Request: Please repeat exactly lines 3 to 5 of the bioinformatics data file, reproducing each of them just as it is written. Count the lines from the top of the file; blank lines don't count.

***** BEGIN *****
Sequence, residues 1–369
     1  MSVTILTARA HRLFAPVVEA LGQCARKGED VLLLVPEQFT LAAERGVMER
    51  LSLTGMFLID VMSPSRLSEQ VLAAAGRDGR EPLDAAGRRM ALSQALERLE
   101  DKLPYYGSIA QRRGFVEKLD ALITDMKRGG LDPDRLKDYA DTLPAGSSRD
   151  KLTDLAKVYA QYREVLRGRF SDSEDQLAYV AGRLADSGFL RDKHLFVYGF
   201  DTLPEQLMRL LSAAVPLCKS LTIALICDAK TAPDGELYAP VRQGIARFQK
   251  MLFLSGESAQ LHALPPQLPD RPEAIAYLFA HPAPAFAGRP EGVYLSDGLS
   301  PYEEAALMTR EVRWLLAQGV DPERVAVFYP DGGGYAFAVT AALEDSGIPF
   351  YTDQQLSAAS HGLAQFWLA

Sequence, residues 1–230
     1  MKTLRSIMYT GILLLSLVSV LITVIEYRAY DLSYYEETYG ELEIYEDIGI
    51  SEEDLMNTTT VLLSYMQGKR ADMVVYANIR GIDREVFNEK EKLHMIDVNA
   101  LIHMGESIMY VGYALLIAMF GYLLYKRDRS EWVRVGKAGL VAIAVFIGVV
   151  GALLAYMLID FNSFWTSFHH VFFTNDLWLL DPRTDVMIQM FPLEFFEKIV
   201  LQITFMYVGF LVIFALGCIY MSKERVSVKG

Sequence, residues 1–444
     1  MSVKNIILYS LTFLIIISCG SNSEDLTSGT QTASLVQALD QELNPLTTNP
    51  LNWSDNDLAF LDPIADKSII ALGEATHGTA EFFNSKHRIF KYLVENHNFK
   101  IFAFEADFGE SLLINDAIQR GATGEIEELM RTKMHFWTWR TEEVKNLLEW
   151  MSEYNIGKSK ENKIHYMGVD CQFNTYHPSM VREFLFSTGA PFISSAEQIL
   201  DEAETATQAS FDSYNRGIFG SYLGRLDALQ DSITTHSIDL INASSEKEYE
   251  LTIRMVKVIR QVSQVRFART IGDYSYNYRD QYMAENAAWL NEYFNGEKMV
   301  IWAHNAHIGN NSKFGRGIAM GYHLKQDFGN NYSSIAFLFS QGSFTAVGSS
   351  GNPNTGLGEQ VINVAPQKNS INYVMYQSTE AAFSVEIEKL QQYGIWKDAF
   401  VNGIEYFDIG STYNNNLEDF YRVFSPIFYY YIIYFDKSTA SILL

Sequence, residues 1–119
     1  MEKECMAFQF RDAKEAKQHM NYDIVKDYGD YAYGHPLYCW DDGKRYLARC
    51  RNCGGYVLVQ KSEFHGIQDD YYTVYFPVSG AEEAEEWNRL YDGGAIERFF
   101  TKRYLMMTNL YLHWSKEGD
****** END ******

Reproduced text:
    51  LSLTGMFLID VMSPSRLSEQ VLAAAGRDGR EPLDAAGRRM ALSQALERLE
   101  DKLPYYGSIA QRRGFVEKLD ALITDMKRGG LDPDRLKDYA DTLPAGSSRD
   151  KLTDLAKVYA QYREVLRGRF SDSEDQLAYV AGRLADSGFL RDKHLFVYGF